The Barn’s perfect for: bag slappin’, dancing while eating your grass-fed, organic chicken wings, or getting down to some bluegrass or electric blues tunes late night! One of the bands I truly felt heart-to-heart with was Canyon Collected – a folk/blues/bluegrass band from Colorado who visibly put forth their hearts and souls into their music and spread it throughout the crowd. What took the cake during their first set that weekend was when Zdenek Gubb from Twiddle accompanied them on stage. Their music had already radiated great gifts while keeping the crowd amped up for the rest of the weekend, so Gubbs’ appearance had additionally created a higher frequency during that set. There were few sound problems, likely caused by the inconsistent, stormy weather throughout the weekend, but Canyon Collected worked with the feedback from the monitors. Gubbs even turned with his back towards the crowd for a couple of songs to avoid the feedback and to keep the music alive!


Kitchen Dwellers 

I ended up meeting Jake Heidrich, Leon Elam and Tia Martini – all members of the band – outside of the Martin Dome tent on Sunday afternoon. They were all genuine and super kind peeps. I started to conduct an interview with FrendlyGathering-5them but found that just talking to them about their influences and their craft was much nicer than holding a phone up – a barrier between a real conversation and an interview; because, conversation felt so much more natural and informative. One thing that really stuck out was when Leon Elam said that John Hartford and The Band were his two greatest influences in his playing, because both influences were completely evident in his style. In a more appropriate setting, I was lucky enough to speak with the girls from Upstate Rubdown about their influences and what they enjoyed most about the atmosphere of this smaller festival. Here is the interview:

Mary Kenney: What I like about being at Frendly is that it is very collective based. Everybody is trying to come together and be good to the world in many ways, but one of the ways is by sharing music. The great thing about our band is that we collectively write most of the songs. Somebody will come in with an idea and then we will come together and collaborate.
Kate (who intervenes in the sweetest way possible): You’ve got to be respectful and freeeeeeeeendly when you’re doing the process!
Mary: It’s tough sometimes – there’s passions, there’s passions flying all over the place! Oh, my influences, Kate Scarlet *laughter*-
Kate: We didn’t grow up together, but then we found each other and recognized that we have the same influences – kind of. Mine… soul singers mostly. I listened to a lot of Norah Jones when I was younger and Nina Simone, but we bonded over the Mountain Man. They’re a Vermont band, we hashtagged them on stage :). They’re Appalachian, which we strive for in our harmonies.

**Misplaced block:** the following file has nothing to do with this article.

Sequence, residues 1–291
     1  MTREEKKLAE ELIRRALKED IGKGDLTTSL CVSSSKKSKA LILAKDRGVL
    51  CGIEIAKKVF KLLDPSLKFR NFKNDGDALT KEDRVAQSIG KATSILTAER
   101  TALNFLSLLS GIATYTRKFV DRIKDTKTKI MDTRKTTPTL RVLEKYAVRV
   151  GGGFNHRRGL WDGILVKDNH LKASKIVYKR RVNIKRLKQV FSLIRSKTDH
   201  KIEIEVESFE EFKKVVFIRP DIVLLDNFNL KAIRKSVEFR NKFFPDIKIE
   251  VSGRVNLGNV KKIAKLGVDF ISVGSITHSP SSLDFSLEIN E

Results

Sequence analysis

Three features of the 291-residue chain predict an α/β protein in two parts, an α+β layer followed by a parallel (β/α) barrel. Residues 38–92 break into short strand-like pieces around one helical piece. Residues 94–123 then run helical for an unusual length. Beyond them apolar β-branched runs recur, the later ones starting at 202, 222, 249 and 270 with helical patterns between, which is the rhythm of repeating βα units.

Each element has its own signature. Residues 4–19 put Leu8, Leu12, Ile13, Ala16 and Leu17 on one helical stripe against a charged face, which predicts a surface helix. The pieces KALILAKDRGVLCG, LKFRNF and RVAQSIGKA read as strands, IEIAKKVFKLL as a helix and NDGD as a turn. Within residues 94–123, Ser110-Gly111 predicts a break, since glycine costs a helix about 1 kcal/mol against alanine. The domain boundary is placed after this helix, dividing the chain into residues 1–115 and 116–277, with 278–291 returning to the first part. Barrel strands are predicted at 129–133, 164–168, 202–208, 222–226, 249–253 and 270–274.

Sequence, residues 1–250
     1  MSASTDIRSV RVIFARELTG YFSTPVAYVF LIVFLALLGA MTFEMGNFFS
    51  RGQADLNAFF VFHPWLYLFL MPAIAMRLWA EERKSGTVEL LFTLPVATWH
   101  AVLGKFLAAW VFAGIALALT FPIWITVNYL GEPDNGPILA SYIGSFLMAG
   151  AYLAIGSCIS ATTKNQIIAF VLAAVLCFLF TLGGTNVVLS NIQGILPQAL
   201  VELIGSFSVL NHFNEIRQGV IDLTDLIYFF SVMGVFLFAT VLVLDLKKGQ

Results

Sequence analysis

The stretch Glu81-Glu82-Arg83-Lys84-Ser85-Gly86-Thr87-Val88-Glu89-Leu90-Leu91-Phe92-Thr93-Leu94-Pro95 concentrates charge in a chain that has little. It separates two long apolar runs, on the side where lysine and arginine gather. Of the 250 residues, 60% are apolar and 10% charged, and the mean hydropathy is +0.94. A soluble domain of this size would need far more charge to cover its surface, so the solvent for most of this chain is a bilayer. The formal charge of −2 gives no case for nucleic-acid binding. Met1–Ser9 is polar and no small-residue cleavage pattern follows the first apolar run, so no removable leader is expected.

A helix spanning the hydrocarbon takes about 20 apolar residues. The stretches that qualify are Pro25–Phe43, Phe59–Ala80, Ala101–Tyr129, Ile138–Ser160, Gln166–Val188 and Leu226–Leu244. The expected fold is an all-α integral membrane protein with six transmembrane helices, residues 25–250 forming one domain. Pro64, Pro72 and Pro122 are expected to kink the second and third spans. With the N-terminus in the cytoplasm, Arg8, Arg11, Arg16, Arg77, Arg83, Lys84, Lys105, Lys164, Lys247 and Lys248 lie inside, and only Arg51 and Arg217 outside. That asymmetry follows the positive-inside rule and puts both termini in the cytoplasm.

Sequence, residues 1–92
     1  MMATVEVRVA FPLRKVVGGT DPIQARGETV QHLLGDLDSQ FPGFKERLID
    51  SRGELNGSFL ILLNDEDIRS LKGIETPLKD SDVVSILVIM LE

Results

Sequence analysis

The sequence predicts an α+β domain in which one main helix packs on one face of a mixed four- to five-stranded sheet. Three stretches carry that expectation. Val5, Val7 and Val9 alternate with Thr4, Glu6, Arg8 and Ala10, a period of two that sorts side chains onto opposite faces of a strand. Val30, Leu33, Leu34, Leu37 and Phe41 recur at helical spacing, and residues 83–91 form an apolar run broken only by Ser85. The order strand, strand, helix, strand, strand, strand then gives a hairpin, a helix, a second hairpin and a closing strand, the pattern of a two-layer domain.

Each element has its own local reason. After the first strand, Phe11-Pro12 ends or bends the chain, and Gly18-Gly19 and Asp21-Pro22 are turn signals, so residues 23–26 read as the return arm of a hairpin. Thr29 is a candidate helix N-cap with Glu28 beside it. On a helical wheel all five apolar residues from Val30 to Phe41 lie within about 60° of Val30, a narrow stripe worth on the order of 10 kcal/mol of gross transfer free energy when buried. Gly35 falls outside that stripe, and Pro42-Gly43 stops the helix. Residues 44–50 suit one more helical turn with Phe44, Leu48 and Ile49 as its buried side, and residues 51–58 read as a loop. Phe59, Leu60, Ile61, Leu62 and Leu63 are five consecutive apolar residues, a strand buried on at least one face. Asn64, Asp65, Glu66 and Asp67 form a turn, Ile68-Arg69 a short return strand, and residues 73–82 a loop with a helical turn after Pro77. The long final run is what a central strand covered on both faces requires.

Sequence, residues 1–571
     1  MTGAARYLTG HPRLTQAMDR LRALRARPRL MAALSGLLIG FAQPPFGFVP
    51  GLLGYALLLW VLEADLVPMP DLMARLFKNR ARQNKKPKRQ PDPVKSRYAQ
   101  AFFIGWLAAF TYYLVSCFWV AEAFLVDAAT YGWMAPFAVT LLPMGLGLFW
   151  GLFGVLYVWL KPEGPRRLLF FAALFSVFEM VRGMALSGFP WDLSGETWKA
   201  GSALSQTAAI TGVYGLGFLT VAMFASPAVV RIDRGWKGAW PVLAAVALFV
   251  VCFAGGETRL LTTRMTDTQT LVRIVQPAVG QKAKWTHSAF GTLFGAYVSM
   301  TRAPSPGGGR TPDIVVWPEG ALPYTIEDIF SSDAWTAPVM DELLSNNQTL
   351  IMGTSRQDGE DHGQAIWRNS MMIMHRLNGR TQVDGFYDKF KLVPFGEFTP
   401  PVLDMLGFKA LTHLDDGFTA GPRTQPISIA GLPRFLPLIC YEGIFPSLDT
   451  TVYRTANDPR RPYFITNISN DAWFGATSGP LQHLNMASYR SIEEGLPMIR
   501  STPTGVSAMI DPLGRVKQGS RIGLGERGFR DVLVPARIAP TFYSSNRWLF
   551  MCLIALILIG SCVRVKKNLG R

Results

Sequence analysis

Mary: We busked last year here with just our little EP and now we’ve got the new studio recordings, and it feels really great to have a better piece to share with everyone here because everyone is just very sharing.
Kate: This was very much a milestone in our lives. I’ve never heard a crowd as loud as that after we’ve finished as I heard today – my stomach dropped.



Mihali Savoulidis of Twiddle

After this extremely positive interview, I learned that Upstate Rubdown’s album, A Remedy, was released in mid-July and features soulful female vocal harmonies, a fast paced cajon drum and a whole lotta’ love. It can be found on Bandcamp!

As is evident, Frendly had a very open setting where artists were hanging out in every nook of the facilities and were very easy and interesting to interact with. I originally expected it to be overpopulated and was taken by surprise when I recognized the same faces multiple times throughout the weekend. The acts I felt brought these faces and people together the most, personally, were Nahko and Medicine for the People and Twiddle. Of course, there were other acts that created several bonds between many people, but I felt the most love from my frends during these sets. When the cold rain and FrendlyGathering-23breeze hit late on Saturday night, those who decided to stay for Twiddle’s set were in absolute bliss (for the most part). Most of the crowd was in tears, each individual on their own journey, and as the rain hit my shoulders I truly felt the magic of my existence and my experiences.

The Frendly Gathering experience possesses an unexplainable, magical bond between the crowd, the artists, and the patch of earth that the festival takes place on. Until next year, and potentially next fall (the Frendly Gathering crew spoke of a potential reunion then, but did not announce anything definite), I will wait to reunite with one of the closer homes to my heart.